While in high school, I had wanted to pierce my ear. Keep in mind that this was long before it became the norm, especially for a guy, to have his ear, nose, lip, chin, eyebrow, or any number of other odd places pierced. My dad was adamant that as long as I was in high school I’d better not put a hole in any of my body parts. So, once I arrived at college, I pierced my ear. To save money, I had the piercing done by someone I met down the hall in my dorm. My life, my ear, and my freedom, right?
One of the biggest misconceptions most any eighteen year old has is that being a legal adult makes him or her a mature adult. Actually, the only big difference between your seventeenth birthday and your eighteenth birthday is that, starting with your eighteenth birthday, you get to go to jail with the big people if you screw up. So in this light, I guess I should have paused to consider that allowing someone I barely knew to encourage me to stick a needle through my skin in his dorm room probably wasn’t the smartest move. Several nights later, after an all-night $420 visit to the ER because of an infected ear, I found out the important principle that not all advice and accountability is wise. So, when it comes to receiving it, you have to choose wisely.
Several people in my life today hold me accountable. These are a variety of people—some are family members and some are friends, some are similar in age to me and some are older. Helping me manage my time, pushing me to reach my potential, calling me out when I appear to be straying spiritually, and praying with me and for me are just a few of the ways that some of the closest people in my life help to keep me accountable. Such a process isn’t always comfortable or easy for me or them. However, these people are invaluable to me. And I hope I am the same for them.
I can’t stress enough how critical it is that you surround yourself with people who will keep you accountable. Here the quantity of people is not as important as the quality. This role cannot simply be filled by close friends or peers doing what they normally do. I am talking about the kind of accountability that isn’t satisfied with yes or no answers—accountability that goes beyond “I’m doing fine” answers, accountability that will look you eyeball to eyeball and ask you the tough questions about your life.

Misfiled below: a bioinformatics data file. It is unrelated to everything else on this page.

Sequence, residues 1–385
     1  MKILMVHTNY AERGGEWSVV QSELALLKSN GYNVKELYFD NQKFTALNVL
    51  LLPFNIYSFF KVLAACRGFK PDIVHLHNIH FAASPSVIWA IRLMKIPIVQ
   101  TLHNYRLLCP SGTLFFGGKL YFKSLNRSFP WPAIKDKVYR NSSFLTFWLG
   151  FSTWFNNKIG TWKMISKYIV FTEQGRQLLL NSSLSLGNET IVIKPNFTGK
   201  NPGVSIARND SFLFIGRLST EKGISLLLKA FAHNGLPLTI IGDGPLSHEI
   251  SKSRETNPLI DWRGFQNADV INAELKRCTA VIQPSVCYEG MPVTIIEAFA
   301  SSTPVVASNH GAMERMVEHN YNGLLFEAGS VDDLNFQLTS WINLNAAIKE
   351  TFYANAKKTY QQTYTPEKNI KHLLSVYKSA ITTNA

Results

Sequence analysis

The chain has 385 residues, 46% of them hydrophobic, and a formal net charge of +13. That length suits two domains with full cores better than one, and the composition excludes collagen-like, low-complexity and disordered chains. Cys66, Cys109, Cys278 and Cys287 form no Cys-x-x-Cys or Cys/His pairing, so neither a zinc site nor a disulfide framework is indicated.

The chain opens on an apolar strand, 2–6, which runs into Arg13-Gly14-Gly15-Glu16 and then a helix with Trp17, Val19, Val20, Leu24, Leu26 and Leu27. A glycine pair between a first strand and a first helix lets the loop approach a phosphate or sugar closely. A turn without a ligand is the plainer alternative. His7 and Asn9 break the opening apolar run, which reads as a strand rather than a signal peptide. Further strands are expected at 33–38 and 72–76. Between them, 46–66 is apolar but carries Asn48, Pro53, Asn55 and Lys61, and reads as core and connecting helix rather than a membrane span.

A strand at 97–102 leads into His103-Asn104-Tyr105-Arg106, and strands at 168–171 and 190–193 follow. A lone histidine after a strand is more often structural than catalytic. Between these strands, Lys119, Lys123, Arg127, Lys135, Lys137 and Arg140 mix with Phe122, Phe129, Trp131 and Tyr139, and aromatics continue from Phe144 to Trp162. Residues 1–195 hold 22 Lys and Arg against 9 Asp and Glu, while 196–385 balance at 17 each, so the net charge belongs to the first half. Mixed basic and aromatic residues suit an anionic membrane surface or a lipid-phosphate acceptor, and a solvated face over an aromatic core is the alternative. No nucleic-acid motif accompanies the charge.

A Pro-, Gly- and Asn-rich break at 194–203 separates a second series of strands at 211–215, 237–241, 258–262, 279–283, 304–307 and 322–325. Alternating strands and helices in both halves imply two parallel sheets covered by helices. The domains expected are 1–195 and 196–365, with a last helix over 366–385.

Such counsel may not be easy to find. But I am confident that if you search for it, you will find it. But be careful. Just because someone offers you advice or an opinion, doesn’t mean that person’s counsel is the best for you, or your ear! Here are four principles to consider when receiving counsel from another:
- Not all counsel is godly.
In Proverbs, it says that every word of God is flawless and that his words are like a shield to those who take refuge in him. Proverbs also gives a warning to never add or change the words God speaks to you through scripture. It says if you do, get ready, because God will rebuke you and prove you to be a liar! Sometimes even those with the best of intentions can mislead you by misquoting or mistaking what the Bible says. The older you get the more you will see that there will almost always be a peer, coach, professor, or co-worker who claims allegiance to God but offers counsel contrary to that claim. As you receive counsel from others, always use Scripture as the gauge by which you test such counsel to determine whether it is of God or humans. Simply put, if a person’s suggestions, recommendations, or condemnations aren’t in sync with God’s, then such counsel is wrong, no matter how popular, culturally relevant, or accepted the person!
- Not all counsel needs receiving.
You can’t always control the counsel you hear, but you can control the counsel you choose to take in and apply. Pray that God will guard your heart from hearing, receiving, and retaining ungodly counsel. Chapter 1 in Proverbs tells us to let the wise listen and add to their learning, and let the discerning get guidance.
- Some counsel will require humility.
There is a myth that the older you get the more knowledge you have. The key word here is myth. Yes, hopefully you are gaining knowledge as you age. But the two won’t just automatically go hand in hand. The older I get, the more I seem to meet people who have more life experience, more wisdom, and more discernment than I. And though their counsel has often left me humbled, it has also brought to my attention areas of my life that need addressing while equally pushing me to be a better person.
- Godly counsel is second to God’s counsel.
God has given us the bible as a guide for our lives. The writer of Psalm 73 understood that no counsel was more real and relevant for him than God’s. Simply put: Spend time in God’s Word and you will grow in His wisdom and favor. The bible may not specifically offer the proper steps to piercing your own ear, but it does offer the wisdom to help you make healthy life choices, not to mention, the right choice that just might help keep you from spending the night in the ER!